"You, however, did not come to know Christ that way. Surely you heard of him and were taught in him in accordance with the truth that is in Jesus. You were taught, with regard to your former way of life, to put off your old self, which is being corrupted by its deceitful desires; to be made new in the attitude of your minds; and to put on the new self, created to be like God in true righteousness and holiness." Ephesians 4:20-24.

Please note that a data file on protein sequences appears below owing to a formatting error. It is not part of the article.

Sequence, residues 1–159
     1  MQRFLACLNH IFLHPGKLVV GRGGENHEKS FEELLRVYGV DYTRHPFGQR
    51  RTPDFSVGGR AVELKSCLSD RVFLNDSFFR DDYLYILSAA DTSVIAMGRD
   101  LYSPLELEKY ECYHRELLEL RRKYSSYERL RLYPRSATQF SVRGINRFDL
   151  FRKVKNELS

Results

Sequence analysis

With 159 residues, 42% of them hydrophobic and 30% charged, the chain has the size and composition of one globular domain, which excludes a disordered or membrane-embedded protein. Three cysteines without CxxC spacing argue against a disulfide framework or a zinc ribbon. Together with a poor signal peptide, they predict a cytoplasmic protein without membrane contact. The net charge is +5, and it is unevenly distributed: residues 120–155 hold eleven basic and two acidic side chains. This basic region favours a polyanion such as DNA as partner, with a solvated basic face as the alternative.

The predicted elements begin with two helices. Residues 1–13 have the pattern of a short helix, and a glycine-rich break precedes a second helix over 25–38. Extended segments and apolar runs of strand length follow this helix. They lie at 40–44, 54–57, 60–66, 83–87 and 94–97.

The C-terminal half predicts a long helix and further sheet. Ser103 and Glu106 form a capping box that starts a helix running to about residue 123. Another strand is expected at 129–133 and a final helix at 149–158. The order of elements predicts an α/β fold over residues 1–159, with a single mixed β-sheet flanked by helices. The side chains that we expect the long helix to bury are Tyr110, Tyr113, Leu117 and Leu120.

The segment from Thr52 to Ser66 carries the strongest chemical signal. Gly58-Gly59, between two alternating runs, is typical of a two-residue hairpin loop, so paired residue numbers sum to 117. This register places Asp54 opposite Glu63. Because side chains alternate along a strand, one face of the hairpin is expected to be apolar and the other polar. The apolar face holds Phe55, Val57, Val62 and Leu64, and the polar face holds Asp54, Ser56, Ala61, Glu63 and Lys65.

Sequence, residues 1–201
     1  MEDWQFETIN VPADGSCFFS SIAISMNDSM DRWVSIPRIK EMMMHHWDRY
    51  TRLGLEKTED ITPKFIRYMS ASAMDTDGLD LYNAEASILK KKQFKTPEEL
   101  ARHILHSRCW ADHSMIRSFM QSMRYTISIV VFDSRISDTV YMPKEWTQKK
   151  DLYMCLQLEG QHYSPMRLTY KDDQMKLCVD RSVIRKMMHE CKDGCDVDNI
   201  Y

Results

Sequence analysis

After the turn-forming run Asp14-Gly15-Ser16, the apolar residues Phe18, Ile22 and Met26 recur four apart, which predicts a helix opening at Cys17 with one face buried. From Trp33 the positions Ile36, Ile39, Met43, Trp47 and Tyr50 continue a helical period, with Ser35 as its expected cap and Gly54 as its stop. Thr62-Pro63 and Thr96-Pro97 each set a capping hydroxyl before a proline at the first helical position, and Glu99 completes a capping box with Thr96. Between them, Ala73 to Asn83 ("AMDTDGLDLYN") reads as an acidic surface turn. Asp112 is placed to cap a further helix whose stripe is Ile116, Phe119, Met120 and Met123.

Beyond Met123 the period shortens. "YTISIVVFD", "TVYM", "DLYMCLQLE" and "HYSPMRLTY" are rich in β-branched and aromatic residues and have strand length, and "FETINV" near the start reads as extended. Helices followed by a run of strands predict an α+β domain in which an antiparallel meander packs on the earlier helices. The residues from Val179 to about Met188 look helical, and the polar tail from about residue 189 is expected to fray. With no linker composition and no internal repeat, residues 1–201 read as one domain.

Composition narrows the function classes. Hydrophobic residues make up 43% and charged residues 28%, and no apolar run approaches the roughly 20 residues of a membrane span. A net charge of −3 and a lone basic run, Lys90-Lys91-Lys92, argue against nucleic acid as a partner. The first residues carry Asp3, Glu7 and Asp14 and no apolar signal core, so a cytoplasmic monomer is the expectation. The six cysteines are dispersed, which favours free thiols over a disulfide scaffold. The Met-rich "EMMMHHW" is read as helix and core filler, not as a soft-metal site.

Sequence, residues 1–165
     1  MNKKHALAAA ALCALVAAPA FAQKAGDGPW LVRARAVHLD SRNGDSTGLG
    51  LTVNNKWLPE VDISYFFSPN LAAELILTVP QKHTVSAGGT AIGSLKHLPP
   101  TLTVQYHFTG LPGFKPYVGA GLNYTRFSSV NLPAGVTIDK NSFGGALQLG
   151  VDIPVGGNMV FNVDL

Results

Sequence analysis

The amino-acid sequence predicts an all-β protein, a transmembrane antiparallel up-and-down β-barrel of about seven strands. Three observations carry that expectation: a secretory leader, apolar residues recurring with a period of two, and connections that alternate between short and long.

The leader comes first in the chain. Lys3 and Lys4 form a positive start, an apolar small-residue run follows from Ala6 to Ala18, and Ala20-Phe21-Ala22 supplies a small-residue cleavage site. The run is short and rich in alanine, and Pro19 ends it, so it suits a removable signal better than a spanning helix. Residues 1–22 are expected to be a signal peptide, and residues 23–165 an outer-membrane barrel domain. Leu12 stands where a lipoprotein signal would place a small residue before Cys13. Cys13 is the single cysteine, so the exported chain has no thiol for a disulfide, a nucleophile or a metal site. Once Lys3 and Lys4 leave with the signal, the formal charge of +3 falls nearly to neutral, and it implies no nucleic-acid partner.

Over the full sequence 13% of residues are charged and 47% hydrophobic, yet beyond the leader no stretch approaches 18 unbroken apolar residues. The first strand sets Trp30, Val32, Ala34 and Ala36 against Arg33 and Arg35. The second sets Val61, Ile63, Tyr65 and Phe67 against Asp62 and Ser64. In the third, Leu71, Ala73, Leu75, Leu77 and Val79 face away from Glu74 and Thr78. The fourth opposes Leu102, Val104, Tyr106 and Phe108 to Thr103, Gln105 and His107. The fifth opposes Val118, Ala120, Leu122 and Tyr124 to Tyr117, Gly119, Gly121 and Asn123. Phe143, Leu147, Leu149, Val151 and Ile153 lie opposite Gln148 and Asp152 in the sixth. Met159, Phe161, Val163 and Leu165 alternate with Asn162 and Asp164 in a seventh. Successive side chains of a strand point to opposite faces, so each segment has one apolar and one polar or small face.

Through our acceptance of Christ and our faith in Him, there is to be a marked difference in our minds and our actions. We are no longer the same people. Put another way, their should be a tangible, noticeable difference that people sense when they are around us... they should sense Christ working in us... alive and well. But, I think what sometimes happens, is that we get caught up in the hope of a changed life. We think, "Great, I'm going to be dunked in water and come up a changed person." And maybe you are... if so, consider yourself lucky. For most of us, there wasn't this instantaneous night-to-day transformation. Truth be told, being baptized is where the journey begins in this life, not where it ends. There' s a lot of hard work that comes after this monumental occasion... but, ironically, I've never heard one pastor mention this after baptizing someone: "Welcome to our family in Christ. The journey can be long and painful, but now you have received the Holy Spirit. With Him, you can conquer all obstacles... and you will have many. Good luck. We're here for you!" That probably wouldn't go over too well, would it? It kinda takes the wind out of your sails, so to speak. But, isn't it the truth?